• " My daughter has multiple disabilities and I have just found out she is also legally blind, but I know that she sees her favorite large stuffed animal. How can this be?"

The purpose of this brochure is to provide information about where to seek assistance for a child who is blind or has a vision loss.

  • A visual impairment impacts all aspects of a child's life.
  • Most learning comes from seeing what is happening around us.
  • The earlier a child receives interventions and learning opportunities, the easier it will be for him/her to develop adaptive skills.

Making the Right Connections

Who Can Help?

There is a wide variety of people, services and agencies that can assist a child who is blind or visually impaired to learn and develop skills. Some are listed below.

Special Education Directors:

Your local school district has personnel that can assist you in locating programs that are appropriate for your child's age.

County Nurses:

These professionals can assist you in locating agencies, and in helping you understand medical information.

Teachers of the Visually Impaired:

  • These professionals are trained to work with you and your child.
  • They can assist you with understanding your child's vision loss and how it impacts his/her education.
  • They will work with your child to develop independence in their educational setting through the use of instructional adaptations and special materials.

Orientation and Mobility Instructors:

These professionals teach your child to develop an understanding of where they are in their environment and how to travel as safely and independently as possible within his/her home, school and community.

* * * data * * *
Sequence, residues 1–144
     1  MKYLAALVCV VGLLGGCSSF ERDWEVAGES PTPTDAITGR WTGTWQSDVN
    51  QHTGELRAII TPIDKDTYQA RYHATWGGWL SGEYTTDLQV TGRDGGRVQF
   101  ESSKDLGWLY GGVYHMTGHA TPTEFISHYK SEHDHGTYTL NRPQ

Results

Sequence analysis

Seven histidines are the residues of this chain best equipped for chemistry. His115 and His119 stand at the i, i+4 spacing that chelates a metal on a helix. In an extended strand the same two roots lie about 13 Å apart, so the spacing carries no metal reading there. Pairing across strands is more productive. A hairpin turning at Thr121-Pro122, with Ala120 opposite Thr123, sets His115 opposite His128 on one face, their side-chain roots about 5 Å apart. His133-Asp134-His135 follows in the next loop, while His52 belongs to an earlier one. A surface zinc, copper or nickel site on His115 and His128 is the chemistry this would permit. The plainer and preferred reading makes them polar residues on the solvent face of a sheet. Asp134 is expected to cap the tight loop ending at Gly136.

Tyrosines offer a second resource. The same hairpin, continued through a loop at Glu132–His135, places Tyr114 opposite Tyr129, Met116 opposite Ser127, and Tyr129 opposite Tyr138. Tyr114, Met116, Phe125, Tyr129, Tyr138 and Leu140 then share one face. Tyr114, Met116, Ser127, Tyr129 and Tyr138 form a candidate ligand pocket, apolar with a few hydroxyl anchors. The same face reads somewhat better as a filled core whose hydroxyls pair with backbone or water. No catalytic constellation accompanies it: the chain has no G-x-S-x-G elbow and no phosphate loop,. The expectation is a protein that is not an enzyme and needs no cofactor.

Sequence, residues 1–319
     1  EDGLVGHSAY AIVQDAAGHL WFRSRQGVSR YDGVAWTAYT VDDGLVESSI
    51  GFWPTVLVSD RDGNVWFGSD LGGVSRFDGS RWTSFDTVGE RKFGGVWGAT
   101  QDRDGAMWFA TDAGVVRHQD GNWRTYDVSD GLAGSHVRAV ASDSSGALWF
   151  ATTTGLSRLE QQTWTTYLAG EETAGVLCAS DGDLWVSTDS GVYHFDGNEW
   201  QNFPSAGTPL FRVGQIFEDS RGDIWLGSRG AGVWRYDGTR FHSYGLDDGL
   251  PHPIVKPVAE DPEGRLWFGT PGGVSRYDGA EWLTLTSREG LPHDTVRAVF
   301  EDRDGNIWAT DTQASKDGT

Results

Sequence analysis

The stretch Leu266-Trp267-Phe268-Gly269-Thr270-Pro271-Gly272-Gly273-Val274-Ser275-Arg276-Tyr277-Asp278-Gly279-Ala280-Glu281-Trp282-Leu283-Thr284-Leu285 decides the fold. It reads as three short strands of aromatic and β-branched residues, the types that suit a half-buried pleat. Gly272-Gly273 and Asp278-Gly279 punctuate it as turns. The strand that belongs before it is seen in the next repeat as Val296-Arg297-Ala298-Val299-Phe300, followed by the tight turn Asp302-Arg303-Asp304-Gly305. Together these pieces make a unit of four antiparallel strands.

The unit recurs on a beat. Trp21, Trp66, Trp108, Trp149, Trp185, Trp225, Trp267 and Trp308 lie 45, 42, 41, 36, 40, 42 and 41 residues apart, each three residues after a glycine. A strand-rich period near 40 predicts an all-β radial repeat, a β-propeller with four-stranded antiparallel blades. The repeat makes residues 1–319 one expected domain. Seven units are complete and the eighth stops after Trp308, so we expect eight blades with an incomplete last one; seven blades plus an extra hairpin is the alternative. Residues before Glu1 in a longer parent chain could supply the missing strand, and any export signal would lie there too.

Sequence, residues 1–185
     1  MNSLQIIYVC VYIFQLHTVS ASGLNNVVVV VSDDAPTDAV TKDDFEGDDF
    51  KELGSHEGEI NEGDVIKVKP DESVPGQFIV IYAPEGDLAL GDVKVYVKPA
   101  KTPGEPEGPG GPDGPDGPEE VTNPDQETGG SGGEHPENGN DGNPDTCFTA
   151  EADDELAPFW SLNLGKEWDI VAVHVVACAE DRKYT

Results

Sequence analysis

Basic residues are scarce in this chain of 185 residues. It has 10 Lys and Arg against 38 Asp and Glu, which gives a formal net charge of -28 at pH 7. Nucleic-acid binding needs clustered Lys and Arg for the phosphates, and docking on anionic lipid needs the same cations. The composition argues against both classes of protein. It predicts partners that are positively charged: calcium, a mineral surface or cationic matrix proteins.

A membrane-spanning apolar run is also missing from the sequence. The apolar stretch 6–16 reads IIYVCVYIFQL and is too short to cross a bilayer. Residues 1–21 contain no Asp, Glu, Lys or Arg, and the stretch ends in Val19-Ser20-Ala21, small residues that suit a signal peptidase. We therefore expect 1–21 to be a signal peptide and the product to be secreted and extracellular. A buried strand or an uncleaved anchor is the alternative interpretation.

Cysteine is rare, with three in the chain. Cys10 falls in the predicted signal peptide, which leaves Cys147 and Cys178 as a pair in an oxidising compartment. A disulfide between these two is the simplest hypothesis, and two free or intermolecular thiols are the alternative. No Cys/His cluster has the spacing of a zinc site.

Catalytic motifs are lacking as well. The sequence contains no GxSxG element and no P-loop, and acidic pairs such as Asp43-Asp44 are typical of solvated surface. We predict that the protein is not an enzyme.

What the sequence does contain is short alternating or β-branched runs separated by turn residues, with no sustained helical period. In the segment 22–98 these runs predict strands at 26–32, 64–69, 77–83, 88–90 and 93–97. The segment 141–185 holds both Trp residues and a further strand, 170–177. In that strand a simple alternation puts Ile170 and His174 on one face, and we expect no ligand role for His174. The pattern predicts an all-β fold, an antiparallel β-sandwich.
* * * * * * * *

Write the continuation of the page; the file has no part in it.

State Services:

Department of Public Instruction (DPI)

Ask for the Educational Consultant for Students with Visual Impairments

PO Box 7841
Madison, WI 53707-7841
1-800-441-4563 or 1-608-266-3522

Wisconsin Center for the Blind and Visually Impaired

Ask for the birth to 3 consultant or for the school age child consultant

1700 West State Street
Jnesville, WI 53546
1-800-832-9784

Wisconsin First Step

1-800-642-STEP (7837)

Center for Blind and Visually Impaired Children

(Private Birth-5 Agency)

5600 West Brown Deer Road
Milwaukee, WI 53223
1-414-355-3060

County and Local Agencies

Child Find:

For children 3 years of age and older, contact your local school district office.

County Nurses:

For children of all ages, look in the directory under local government agencies for county nurses.

Local School District:

For school age children, ask for the special education director.

National Parent Organizations:

(These people can refer you to your local chapters.)

National Organization of Parents of Blind Children (NOPBC)

1800 Johnson St.
Baltimore, MD 21230
1-410-659-9314, ext. 360

National Association for Parents of Children with Visual Impairments (NAPVI)

PO Box 317
Watertown, MA 02471
1-800-562-6265

Final Note:

Remember that your child will need to see his/her eye care specialist regularly.

Ophthalmologist/Optometrists:

These professionals help by making sure your child's eyes are healthy and can see as well as possible through eye exams, glasses, contact lenses, special visual aids and other services.

Developed by The Wisconsin National Agenda Committee. This and other documents may be found www.dpi.state.wi.us/dpi/dlsea/ wcbvi/index.html

This brochure may be photocopied as needed.

Braille or large print copies of this brochure may be obtained from the Wisconsin Center for the Blind and Visually Impaired 1-800-832-9784

2/2001

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Wisconsin National Agenda

December 30, 1999--Introduced by Representatives Brandemuehl, Olsen, Kestell, Nass, Musser, Ainsworth, Plale, Wood, Albers, Spillner, Sykora, M. Lehman, Freese, Stone and Gronemus, cosponsored by Senators Grobschmidt, Breske, Rosenzweig, Wirch, Baumgart and Schultz. Referred to Committee on Colleges and Universities.